Sunday, September 19, 2010

Bashing the system

Since The Times disappeared behind the great paywall of Murdoch, the Telegraph seems to have taken over the mantle of family justice system basher-in-chief (or at least that's how it appears to me - like most people, I have no idea what The Times is doing nowadays).

In a nice balanced piece of writing yesterday columnist Christopher Booker tells a story that "highlights the ongoing scandal in our social services", in which for no apparent reason a mother is "robbed of her children and incarcerated alongside psychotics who were drugged to the eyeballs". Hard-hitting stuff, and a quick glance at the comments beneath confirms that this story of the evil state has stirred up the anti-system reaction that is was clearly seeking.

Not content with that, the Telegraph stuck another knife in yesterday with an article by Alasdair Palmer, in which he claims that there "will be more cases like Baby P's until the child protection system is fixed". Clearly, the broken system is both taking children away from parents when it shouldn't, and not taking them away when it should, with there being no cases in the middle when the system actually gets it right.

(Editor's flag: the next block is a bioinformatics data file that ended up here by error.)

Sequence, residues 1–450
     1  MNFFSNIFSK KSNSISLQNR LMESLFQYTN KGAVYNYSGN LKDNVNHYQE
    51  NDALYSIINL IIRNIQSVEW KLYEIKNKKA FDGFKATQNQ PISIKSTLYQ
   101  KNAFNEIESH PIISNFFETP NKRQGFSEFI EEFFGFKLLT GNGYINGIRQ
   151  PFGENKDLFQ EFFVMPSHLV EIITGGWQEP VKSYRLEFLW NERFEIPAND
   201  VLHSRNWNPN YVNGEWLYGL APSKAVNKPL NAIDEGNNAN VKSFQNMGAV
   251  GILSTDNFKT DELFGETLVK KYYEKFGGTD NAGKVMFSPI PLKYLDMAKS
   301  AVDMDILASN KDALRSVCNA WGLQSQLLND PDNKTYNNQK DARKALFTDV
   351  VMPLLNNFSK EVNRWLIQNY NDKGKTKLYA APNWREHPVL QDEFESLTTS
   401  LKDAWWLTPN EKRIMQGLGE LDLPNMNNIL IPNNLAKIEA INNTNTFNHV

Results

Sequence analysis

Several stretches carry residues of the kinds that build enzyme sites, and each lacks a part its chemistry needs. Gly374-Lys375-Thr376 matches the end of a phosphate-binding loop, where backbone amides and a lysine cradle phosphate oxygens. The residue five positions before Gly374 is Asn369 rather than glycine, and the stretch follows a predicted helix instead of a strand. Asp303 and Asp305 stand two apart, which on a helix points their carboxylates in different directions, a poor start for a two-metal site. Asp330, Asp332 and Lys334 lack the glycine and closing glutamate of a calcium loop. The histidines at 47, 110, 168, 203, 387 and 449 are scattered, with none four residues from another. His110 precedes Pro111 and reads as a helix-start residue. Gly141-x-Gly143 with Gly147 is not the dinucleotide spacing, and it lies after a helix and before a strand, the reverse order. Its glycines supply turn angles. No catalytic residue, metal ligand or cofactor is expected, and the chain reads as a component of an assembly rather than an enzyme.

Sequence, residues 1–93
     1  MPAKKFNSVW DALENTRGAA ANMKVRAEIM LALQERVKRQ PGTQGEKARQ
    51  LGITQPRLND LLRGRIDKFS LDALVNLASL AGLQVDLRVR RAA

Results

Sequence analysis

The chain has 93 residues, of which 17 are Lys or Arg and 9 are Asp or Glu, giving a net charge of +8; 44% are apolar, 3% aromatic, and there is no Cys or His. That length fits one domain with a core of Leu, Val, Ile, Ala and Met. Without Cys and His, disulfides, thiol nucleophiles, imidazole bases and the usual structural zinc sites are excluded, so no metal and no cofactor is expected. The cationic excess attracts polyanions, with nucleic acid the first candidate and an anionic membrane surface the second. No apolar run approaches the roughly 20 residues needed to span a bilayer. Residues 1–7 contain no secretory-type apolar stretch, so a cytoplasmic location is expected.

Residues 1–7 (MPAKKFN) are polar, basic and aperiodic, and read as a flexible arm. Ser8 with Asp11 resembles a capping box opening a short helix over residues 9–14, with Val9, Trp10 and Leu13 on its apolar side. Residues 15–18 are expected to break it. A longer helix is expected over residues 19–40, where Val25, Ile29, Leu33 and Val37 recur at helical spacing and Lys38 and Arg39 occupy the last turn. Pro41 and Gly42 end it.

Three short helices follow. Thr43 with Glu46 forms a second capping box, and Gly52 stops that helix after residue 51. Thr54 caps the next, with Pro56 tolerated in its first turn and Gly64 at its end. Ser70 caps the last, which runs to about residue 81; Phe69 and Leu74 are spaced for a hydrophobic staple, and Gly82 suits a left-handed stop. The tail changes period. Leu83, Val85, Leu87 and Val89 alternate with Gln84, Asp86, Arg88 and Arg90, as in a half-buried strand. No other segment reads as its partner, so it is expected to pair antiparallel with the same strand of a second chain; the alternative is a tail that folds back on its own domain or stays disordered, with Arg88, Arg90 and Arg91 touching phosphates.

Thank goodness our top journalists are onto the case...

3 comments:

  1. This is where statistics are important. There are false positives and false negatives. Anecdotal reporting or even serious case reviews does not give an answer as to the overall position.

    The stats do, however, and they demonstrate that the system fails very badly.

    ReplyDelete
  2. Ah, a comment from the system-bashing MP! ;-)

    Seriously, you may have a point, but it must depend upon what statistics you use, and how you define success and failure. For example, the fact that (I believe) the vast majority of care applications result in care orders being made could be taken as evidence of success.

    ReplyDelete
  3. The usual analogy is with a criminal justice system. If 100% of prosecutions ended in convictions, would that be a measure of "success" or of something else.

    Assuming that social workers do not possess some form of Papal infallibility, my money is on something else.

    ReplyDelete

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